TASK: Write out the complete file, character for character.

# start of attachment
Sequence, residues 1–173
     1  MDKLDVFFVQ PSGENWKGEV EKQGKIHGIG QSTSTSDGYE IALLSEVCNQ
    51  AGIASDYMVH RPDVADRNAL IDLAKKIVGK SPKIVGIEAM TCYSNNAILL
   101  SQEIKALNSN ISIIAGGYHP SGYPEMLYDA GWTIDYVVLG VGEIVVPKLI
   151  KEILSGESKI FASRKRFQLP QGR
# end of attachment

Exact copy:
Sequence, residues 1–173
     1  MDKLDVFFVQ PSGENWKGEV EKQGKIHGIG QSTSTSDGYE IALLSEVCNQ
    51  AGIASDYMVH RPDVADRNAL IDLAKKIVGK SPKIVGIEAM TCYSNNAILL
   101  SQEIKALNSN ISIIAGGYHP SGYPEMLYDA GWTIDYVVLG VGEIVVPKLI
   151  KEILSGESKI FASRKRFQLP QGR